Skill #3: Stimulating people of peace to have spiritual conversations with their circles of influence.
This skill helps people of peace connect their responsiveness to God to their responsibility for their family and friends.
Stimulating people of peace to initiate spiritual conversations with their circles is a simple yet critical skill that Paul and Silas demonstrated during their conversation with the jailer in Philippi (Acts 16:16-34).
Broadening the conversation
When the jailer asked how he could be saved, Paul and Silas immediately broadened the conversation to include the jailer’s household:
“Believe in the Lord Jesus, and you will be saved—you and your household.”
The jailer responded by inviting Paul and Silas into his home, where he and his whole family heard the Gospel.
The jailer initiated a spiritual conversation with his circle of influence by inviting Paul and Silas into his home.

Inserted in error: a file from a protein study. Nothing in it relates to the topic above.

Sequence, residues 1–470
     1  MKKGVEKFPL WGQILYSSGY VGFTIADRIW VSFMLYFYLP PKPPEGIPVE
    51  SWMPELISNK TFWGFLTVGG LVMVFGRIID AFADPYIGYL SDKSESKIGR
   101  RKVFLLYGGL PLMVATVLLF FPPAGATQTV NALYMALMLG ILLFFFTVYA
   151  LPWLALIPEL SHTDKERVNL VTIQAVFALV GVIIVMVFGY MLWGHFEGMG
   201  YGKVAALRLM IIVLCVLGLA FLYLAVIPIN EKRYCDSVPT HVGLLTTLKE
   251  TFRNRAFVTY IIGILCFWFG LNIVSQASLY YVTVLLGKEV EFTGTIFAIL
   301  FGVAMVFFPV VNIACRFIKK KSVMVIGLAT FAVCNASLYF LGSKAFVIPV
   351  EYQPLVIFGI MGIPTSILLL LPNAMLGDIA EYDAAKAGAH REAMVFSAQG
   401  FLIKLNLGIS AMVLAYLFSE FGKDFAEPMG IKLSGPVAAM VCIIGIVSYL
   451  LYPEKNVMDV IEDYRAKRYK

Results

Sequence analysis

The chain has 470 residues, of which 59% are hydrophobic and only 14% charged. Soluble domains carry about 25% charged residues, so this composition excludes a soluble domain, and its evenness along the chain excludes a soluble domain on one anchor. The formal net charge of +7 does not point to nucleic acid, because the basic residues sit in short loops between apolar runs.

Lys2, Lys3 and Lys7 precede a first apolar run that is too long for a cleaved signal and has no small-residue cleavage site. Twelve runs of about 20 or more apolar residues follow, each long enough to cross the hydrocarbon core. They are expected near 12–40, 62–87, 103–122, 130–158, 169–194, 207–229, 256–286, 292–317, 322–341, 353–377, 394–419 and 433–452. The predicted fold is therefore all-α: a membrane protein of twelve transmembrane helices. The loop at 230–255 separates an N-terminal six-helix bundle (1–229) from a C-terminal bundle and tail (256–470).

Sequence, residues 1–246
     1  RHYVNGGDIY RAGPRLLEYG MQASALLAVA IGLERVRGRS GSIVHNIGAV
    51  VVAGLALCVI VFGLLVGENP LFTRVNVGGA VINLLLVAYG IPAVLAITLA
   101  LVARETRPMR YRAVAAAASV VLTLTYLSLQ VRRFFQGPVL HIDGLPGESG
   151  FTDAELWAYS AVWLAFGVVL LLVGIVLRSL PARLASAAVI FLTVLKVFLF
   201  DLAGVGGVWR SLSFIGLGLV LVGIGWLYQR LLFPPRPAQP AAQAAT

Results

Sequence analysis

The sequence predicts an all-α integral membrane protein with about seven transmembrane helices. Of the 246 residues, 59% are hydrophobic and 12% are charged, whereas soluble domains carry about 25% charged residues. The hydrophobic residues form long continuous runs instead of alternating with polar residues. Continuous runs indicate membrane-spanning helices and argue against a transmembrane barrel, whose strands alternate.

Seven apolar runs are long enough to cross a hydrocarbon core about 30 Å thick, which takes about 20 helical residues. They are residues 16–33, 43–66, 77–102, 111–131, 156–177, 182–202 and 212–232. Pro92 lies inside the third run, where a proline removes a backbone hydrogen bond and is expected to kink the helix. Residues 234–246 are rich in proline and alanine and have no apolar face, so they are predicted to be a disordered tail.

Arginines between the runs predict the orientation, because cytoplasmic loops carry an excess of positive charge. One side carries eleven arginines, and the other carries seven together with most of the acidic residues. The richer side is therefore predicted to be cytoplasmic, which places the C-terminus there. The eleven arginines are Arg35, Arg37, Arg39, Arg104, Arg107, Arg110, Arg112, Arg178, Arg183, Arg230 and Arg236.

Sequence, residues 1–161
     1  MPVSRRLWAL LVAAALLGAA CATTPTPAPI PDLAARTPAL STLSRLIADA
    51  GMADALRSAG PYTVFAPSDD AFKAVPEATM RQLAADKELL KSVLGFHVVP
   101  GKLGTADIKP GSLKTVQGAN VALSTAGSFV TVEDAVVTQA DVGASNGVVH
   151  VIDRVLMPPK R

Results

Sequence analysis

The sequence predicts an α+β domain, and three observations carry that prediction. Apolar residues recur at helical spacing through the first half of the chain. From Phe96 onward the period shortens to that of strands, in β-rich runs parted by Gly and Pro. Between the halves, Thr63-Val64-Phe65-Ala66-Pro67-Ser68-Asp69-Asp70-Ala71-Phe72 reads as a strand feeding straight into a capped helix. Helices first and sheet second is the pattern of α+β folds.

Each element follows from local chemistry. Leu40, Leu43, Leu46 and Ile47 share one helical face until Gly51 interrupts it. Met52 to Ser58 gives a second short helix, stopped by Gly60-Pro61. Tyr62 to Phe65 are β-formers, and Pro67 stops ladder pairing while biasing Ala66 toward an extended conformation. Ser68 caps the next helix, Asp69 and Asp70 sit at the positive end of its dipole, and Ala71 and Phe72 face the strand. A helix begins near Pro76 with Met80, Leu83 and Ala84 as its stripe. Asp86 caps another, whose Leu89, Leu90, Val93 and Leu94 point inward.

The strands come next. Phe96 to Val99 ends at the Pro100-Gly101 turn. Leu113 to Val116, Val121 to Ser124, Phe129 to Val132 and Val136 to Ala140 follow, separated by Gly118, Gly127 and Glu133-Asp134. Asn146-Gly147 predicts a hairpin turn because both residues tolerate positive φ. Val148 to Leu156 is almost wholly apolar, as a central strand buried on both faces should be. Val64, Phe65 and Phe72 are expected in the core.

Deepening the impact
There are at least three benefits to stimulating people of peace to have spiritual conversations with their circles of influence:
1. It affirms the leadership of the person of peace. He or she knows that you are serving them, not competing with them.
2. It reduces group resistance. By including the whole group, you are not perceived as trying to isolate vulnerable members. Groups tend to respond to this by being more supportive and less protective.
3. It helps contextualize the Gospel. The person of peace and his or her circle will naturally relate the Gospel to their needs and culture.
- What are other possible benefits of a person of peace initiating spiritual conversations with his or her circle?
- What are two or three ways that you could help a person of peace you know do this?
Share your thoughts and make it a conversation!
See an overview of all five disciple making skills HERE.